If you're touching a person on the spectrum, chances are, you're doing it for your own benefit/reassurance rather than theirs.
As a general rule, people on the spectrum aren't too keen on small talk, so there's not a great deal of benefit to be gained from saying "hello" because you're obviously already there and hello is implied by the fact that you just sat down next to them. Of course, if you feel that you need to teach the basics of small-talk or manners, then a couple of conversation starters can be used. Just don't expect a major response.
Many autistic people have quite stilted conversation. They may not handle high-speed talk even though they often talk fast themselves. They may also take longer to reply than neurotypicals because they want to think about your question and their answers.
Ask most kids "how long have you been sitting here" and they'll say a "a while". Ask a person on the spectrum and they're likely to calculate the time.
Don't rush them. People with Asperger's and autism aren't stupid so there's no need to talk super slowly either. Just enunciate well and try not to rely on variations in tone so much as content. Be direct too.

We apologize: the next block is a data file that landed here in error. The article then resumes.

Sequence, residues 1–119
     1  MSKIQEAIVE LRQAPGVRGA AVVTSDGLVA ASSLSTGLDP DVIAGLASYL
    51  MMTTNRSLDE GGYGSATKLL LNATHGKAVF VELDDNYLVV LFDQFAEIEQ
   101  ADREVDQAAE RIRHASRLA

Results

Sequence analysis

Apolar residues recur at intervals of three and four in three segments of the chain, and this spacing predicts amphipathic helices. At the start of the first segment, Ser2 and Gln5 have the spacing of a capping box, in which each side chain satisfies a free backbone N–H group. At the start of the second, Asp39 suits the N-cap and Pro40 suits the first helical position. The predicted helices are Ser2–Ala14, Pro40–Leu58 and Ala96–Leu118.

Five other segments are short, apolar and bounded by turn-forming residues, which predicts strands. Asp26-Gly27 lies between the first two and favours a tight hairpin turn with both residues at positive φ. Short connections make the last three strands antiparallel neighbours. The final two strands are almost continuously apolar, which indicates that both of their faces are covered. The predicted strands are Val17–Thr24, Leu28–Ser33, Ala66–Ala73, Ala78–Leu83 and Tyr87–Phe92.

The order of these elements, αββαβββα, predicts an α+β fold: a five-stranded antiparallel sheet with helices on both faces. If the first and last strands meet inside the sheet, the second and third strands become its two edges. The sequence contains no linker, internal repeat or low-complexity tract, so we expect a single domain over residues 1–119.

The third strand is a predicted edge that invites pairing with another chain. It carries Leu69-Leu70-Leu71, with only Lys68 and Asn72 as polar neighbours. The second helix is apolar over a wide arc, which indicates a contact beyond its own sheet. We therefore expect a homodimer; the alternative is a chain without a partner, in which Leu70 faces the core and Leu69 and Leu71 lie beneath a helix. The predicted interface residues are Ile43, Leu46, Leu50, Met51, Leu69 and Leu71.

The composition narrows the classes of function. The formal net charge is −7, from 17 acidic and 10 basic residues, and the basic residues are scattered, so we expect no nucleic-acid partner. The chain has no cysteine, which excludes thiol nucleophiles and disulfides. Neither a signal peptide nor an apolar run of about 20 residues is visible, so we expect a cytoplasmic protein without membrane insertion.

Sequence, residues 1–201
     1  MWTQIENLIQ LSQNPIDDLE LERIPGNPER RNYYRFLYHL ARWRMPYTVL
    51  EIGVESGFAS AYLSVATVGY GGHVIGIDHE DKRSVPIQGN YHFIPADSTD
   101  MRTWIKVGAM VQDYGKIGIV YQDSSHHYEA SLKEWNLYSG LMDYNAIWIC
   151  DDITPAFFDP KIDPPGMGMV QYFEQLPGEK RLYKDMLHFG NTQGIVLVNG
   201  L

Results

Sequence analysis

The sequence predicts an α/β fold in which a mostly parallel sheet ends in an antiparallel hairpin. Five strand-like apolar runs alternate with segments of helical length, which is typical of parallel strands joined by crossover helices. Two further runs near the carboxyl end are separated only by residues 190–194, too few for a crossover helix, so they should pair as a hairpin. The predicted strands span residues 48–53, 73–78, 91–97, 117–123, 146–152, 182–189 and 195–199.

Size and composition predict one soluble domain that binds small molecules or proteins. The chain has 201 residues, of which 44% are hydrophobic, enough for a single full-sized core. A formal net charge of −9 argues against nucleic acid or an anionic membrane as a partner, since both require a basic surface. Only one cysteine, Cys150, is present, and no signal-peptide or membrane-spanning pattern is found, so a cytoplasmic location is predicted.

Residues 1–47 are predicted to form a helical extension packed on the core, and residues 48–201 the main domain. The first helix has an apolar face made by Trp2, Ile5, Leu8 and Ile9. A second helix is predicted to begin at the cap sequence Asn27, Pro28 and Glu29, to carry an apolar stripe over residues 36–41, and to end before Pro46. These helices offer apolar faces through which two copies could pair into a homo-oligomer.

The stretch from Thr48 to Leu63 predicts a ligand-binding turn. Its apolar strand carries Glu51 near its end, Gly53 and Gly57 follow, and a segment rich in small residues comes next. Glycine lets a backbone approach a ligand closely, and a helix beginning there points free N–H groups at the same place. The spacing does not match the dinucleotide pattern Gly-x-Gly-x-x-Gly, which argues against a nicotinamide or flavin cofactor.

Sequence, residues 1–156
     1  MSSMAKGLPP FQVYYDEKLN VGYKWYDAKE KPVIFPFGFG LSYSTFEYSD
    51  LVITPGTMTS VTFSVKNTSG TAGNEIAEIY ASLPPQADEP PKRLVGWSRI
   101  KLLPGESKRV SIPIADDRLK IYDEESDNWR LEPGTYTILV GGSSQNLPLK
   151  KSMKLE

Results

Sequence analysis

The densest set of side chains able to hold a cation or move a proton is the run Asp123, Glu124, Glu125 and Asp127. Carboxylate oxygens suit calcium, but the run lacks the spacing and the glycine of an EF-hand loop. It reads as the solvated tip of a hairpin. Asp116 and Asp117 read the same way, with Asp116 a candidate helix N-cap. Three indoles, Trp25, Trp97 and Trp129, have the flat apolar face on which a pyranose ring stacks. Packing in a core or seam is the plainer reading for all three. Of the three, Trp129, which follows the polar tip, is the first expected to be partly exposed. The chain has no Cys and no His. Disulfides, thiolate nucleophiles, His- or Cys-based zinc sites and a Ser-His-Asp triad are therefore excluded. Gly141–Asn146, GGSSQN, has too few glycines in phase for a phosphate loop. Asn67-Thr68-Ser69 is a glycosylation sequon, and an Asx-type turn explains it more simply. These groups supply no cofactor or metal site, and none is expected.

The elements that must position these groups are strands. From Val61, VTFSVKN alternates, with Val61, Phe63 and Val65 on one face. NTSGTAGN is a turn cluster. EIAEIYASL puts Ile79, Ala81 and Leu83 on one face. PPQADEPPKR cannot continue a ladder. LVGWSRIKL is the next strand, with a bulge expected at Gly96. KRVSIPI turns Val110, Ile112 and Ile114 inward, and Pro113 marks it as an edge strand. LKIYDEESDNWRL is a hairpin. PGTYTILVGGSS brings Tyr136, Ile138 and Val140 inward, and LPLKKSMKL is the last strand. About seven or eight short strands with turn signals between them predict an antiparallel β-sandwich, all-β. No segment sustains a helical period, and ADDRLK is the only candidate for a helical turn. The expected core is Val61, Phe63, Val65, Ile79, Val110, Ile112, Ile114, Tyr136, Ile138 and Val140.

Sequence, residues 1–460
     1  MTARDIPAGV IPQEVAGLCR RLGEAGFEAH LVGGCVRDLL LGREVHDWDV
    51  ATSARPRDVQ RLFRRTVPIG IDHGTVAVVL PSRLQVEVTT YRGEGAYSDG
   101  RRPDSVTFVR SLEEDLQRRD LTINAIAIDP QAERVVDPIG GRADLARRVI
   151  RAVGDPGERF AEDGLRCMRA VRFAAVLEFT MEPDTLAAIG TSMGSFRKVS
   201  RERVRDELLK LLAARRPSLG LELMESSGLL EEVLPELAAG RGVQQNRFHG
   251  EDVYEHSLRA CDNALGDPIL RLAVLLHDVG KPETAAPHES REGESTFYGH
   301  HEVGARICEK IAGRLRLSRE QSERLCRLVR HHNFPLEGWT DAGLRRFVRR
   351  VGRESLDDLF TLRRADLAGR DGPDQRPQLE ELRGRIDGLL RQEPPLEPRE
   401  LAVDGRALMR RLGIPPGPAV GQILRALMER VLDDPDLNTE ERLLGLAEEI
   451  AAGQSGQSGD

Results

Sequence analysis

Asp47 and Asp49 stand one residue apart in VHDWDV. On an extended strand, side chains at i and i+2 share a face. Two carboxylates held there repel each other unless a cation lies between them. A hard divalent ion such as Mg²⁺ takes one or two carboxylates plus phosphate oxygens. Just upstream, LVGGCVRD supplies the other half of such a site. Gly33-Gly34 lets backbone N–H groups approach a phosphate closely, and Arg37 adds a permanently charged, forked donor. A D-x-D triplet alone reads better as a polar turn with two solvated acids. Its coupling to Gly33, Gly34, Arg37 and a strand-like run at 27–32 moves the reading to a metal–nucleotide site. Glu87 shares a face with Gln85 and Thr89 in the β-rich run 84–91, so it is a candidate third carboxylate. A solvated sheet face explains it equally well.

While autistic people have little difficulty understanding the concept of metaphors and "sayings", they might not necessarily know when you're using them. If you tell them that you're "going to see a man about a dog", they're going to assume that you're going to a pet shop. Say what you mean and you'll be understood.
Direct Questions are Attacks
If you're approaching an autistic person and they seem agitated, don't sit next to them and start hammering them with questions such as; "Why aren't you playing the game with the other kids?". Try a more oblique approach first. For example, sit down and say; "That looks like a cool game that the kids are playing doesn't it?" You probably won't get detailed answers but starting a conversation in a light way will build trust. The response you get might clue you in to what the problem is; for example, "It looks fun but it's very noisy".
People on the spectrum often have high sensitivity to noise, smell, light and other environmental factors. It isn't fair to force a child with such sensitivities to join in an activity which ignites those senses. If you can find a way to reduce these sensitivities, then great. If not, just accept the situation and wait for a less sensory moment to include the child.
Perhaps you can speak to the parents about the sensitivity. For example, if they are sensitive to noise, they may want to try cancelling headphones or perhaps you can find quieter ways to engage the child.
Of course, the reasons for non-participation will vary and it's difficult to decide when the child is simply being lazy or wilful versus an actual sensory issue. The only clue is continued conversation.
If your initial comments don't provide you with an answer, slowly direct the questioning towards the activity without being accusatory. As the child warms to you, you'll find that the information they provide becomes more relevant and useful.
Next time I'll look at ways to approach a child in a meltdown state.